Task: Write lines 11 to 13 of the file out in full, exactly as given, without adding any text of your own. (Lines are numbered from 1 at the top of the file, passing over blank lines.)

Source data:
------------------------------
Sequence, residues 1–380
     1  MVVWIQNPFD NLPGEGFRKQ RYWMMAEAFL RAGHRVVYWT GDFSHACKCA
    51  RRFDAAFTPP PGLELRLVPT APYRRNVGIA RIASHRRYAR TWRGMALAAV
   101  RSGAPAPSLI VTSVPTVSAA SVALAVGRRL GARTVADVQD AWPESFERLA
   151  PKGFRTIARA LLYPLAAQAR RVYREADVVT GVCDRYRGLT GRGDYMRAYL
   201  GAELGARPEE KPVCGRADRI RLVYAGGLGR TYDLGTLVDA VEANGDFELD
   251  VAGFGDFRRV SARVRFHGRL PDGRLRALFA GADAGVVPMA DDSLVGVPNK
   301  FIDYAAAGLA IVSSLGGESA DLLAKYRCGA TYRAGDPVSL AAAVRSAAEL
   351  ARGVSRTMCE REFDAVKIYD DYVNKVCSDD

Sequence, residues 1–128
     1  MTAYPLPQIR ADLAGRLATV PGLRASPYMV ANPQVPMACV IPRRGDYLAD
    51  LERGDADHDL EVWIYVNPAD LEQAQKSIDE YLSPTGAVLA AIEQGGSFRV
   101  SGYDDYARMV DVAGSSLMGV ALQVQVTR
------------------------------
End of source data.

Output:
     1  MTAYPLPQIR ADLAGRLATV PGLRASPYMV ANPQVPMACV IPRRGDYLAD
    51  LERGDADHDL EVWIYVNPAD LEQAQKSIDE YLSPTGAVLA AIEQGGSFRV
   101  SGYDDYARMV DVAGSSLMGV ALQVQVTR